The blackness of its body and wings is embellished with two rows of yellow spots. The female’s yellow spots, while not as bold as the male’s, are adorned with a more distinctive blue band between the pale bands of yellow. In contrast, the male is garnished with more yellow tones than blue. Both sexes have two prominent orange eyespots on their hind wings close to their tails.
(Please note — these photos are unverified images submitted by members of the CWF Photo Club.)
Habitat: Black swallowtails can be found in a wide variety of habitats — damp meadows, open fields, roadsides, vacant lots, backyards, and cultivated farmland. This makes the species one of the most popular garden butterflies and one of the easiest to attract. You can invite black swallowtails to your garden by planting thistles, milkweed, red clover, and purple coneflower along with members of the carrot family, such as carrots, dill, fennel, and parsley, for the caterpillars. Select a spot that receives four to six hours of sunlight each day. This will provide an opportunity for the butterflies to bask in the sun while warming their wings for flight. Avoid the use of pesticides, as black swallowtails are very sensitive to these chemicals during all stages of their life cycle.
Diet: Mock bishopweed, Ptilimnium capillaceum, Roughfruit scaleseed, Spermolepis divaricata, Spotted water hemlock, Cicuta maculata, Water cowbane, Oxypolis filiformis, Wedgeleaf eryngo, Eryngium cuneifolium, Canby's dropwort, Oxypolis canbyi, Queen Anne's lace, Anthriscus sylvestris,
The black swallowtail begins life as an egg attached to a member of the carrot family, such as fennel, dill, Queen Anne’s lace, or parsley. The leaves and flowers of these plants fuel it through the first three stages of their life cycle. The egg transforms into a larva or caterpillar. Initially, the larva is inconspicuous, resembling bird droppings. However, through several molts, it evolves into a beautiful caterpillar. Also known as the parsley caterpillar, it has a smooth green body with each segment sporting a thin black band with yellow-orange spots. In the pupal stage, it forms a brown or green chrysalis. It remains in this stage through the winter, emerging as a beautiful butterfly in April or May. This black swallowtail will fly until late June, with the next and final brood appearing in July and flying throughout August. This lovely insect spends much of its life mimicking its surroundings or other creatures.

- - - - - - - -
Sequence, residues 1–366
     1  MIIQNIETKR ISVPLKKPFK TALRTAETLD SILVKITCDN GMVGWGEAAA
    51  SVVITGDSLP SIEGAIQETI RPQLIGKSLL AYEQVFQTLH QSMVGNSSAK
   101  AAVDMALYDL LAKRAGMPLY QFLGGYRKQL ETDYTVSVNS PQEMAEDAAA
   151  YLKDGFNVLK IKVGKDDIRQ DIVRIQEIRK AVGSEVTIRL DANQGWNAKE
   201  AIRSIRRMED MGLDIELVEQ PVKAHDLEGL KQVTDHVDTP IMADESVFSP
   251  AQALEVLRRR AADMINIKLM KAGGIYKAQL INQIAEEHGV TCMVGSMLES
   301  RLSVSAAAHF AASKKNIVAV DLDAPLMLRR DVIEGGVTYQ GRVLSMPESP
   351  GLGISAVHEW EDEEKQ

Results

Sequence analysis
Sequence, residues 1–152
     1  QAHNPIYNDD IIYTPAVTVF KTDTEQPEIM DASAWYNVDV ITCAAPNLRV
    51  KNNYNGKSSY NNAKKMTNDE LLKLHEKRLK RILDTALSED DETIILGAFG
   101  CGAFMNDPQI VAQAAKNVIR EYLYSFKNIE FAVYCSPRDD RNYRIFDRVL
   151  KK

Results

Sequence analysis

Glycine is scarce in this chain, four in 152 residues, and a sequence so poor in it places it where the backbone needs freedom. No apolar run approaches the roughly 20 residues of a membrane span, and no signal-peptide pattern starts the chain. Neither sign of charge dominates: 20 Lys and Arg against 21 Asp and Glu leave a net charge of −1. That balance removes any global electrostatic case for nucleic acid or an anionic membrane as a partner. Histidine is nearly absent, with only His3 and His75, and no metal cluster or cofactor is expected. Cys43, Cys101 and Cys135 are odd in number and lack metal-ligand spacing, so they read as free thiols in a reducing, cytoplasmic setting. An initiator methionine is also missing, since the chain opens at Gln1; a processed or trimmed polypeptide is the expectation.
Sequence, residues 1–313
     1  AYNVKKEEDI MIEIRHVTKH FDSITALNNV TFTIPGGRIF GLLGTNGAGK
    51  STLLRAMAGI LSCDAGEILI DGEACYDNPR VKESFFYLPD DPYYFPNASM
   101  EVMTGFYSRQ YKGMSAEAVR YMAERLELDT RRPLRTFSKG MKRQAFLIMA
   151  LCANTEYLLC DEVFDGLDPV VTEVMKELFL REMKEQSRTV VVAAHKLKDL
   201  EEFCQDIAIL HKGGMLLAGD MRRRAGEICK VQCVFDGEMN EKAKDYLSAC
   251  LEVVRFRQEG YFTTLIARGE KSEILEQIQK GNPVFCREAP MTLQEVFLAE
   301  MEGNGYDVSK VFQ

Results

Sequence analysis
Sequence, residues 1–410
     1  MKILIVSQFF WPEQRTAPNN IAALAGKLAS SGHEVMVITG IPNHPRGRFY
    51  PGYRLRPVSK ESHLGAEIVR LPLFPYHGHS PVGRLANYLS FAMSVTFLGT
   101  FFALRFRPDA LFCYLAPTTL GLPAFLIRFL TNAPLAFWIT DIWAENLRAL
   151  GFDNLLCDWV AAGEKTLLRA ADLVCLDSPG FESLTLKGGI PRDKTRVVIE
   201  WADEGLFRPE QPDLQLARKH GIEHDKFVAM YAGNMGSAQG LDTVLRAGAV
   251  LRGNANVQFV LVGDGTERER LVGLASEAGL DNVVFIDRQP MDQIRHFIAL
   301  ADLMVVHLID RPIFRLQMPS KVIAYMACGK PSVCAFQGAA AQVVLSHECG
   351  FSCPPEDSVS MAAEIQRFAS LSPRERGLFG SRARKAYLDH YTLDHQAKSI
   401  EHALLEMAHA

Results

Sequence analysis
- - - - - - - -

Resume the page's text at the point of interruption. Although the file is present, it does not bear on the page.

Appearing as bird droppings protects the larva from predators and conceals it in its environment. Adults mimic their cousin, the pipevine swallowtail, which is poisonous to several predators. Predators mistake the black swallowtail for its poisonous cousin, which allows the black swallowtail to avoid being eaten. However, this mimicry can make it difficult for butterfly watchers to distinguish the black swallowtail from the pipevine swallowtail or even the female tiger swallowtail.Primary Ecosystem Roles:
Next time you notice a green caterpillar with black bands and yellow-orange dots on each body segment, remember it’s one of the good guys. As an adult it will help to pollinate your garden by spreading pollen from flower to flower as it seeks nectar. These beautiful butterflies are also a joy to watch and a welcome addition to any garden.Notes: Black swallowtails take part in an activity called “puddling”. Male black swallowtails are drawn to puddles for salts and other nutrients, which will later be used in reproduction. There are other elements you can add to your garden to help make it a butterfly’s paradise.
More on this Species:
- BLOG:: Miraculous Metamorphis